‘Ohia Challenge’ offers $75,000 to help save iconic trees
  • Tuesday, December 11, 2018
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‘Ohia Challenge’ offers $75,000 to help save iconic trees

  • COURTESY NATIONAL PARK SERVICE

    A National Park Service employee cuts a tree infected by rapid ohia death.

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The “Ohia Challenge,” an open challenge inviting the community to help save Hawaii’s iconic tree, is officially on this fall.

The competition, launched by the U.S. Department of the Interior in partnership with Conservation X Labs in Washington, D.C. today, invites the global science, entrepreneurship and technology communities to submit ideas for tackling rapid ohia death, the fungal blight decimating hundreds of thousands of native ohia lehua trees in Hawaii.

“When invasive species reach our shores, they care little for whether the lands are federal, state, local, or private,” said Scott J. Cameron, U.S. Department of the Interior Principal Deputy Assistant Secretary for Policy, Management, and Budget, in a news release. “Cooperation and innovation are needed when confronting the issue of invasive species and the Ohia Challenge is a step forward in addressing that need. We must be good neighbors and seek ways to solve this problem together.”

The Department of the Interior has provided a starting seed purse of $75,000, and Conservation X Labs is seeking additional sponsors and partners to increase that amount, as well as to help promote the challenge among other communities.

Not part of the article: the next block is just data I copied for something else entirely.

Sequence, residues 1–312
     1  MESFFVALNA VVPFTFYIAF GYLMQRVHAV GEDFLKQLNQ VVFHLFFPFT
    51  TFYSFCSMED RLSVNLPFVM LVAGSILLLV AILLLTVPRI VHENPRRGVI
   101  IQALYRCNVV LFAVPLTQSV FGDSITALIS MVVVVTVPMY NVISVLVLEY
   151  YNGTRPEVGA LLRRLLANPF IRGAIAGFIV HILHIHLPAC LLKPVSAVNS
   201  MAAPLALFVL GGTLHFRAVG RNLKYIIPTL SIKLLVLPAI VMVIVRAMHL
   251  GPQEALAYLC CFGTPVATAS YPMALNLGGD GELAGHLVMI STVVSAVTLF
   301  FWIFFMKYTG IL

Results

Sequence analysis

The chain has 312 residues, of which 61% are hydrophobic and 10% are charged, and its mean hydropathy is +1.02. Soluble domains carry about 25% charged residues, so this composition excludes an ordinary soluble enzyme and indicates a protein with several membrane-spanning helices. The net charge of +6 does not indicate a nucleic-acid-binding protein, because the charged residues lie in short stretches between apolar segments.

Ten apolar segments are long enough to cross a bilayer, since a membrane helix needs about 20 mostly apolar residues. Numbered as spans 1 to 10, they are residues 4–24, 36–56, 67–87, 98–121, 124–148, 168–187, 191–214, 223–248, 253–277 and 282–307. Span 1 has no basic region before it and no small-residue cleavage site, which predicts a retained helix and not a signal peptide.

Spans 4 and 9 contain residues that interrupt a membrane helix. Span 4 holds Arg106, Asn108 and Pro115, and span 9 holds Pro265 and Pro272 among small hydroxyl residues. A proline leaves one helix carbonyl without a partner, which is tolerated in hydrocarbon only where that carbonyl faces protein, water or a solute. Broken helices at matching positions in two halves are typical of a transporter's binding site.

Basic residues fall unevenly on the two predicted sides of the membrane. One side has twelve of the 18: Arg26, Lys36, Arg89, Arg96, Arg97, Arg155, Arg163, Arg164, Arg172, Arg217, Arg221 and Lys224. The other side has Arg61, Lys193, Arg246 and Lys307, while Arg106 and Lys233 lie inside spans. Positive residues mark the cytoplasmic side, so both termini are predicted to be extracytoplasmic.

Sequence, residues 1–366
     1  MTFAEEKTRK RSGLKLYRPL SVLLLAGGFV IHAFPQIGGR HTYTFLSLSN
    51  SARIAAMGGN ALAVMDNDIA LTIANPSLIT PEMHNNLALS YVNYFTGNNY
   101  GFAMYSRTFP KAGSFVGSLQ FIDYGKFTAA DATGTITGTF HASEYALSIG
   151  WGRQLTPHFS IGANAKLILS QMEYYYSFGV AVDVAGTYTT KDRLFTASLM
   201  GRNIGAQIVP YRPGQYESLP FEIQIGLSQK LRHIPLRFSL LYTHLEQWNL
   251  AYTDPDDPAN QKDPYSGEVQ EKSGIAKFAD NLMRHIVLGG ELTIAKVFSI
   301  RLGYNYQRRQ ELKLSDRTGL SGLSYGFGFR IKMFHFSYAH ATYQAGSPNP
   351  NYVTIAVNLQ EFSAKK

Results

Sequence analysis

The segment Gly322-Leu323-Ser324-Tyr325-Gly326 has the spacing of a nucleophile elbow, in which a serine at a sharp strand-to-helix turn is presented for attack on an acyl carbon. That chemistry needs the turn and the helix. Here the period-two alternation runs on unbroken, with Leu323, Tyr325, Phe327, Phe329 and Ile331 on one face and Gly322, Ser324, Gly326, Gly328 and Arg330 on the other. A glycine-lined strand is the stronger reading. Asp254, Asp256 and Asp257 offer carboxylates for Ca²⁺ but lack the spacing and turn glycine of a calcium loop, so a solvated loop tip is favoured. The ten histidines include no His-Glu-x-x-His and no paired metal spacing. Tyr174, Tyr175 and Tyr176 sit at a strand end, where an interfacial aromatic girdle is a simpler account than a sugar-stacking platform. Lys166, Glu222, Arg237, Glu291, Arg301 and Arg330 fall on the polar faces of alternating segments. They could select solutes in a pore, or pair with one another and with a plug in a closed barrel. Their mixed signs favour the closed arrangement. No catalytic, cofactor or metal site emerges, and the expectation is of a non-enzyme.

Conservation X Labs hosts the Digital Makerspace, described as “a platform where science, entrepreneurship, and technology communities come together to start projects and co-create tech-enabled solutions to conservation problems.” A number of challenges are listed on the platform, along with an ideas bin.

Two invasive fungi — Ceratocystis huliohia and Ceratocystis lukuohia — are responsible for rapid ohia death. Since 2014, the fungi have infected thousands of acres of forest and if unstopped, could irreversibly change Hawaii’s ecosystems and culture.

Some needed solutions include ways to identify infected trees early, minimize the spread of the fungi and prevent the infection of new trees. The ultimate goal is to develop a treatment for infected trees and eliminate the pathogens to save Hawaii’s iconic tree.

Hawai‘i Volcanoes National Park, Hakalau Forest National Wildlife Refuge and the National Invasive Species Council (NISC) Secretariat are also part of the partnership with Conservation X Labs for the challenge.

More details, including deadlines for projects, will be revealed in coming weeks. Those who are interested can sign up at SavetheOhia.org.

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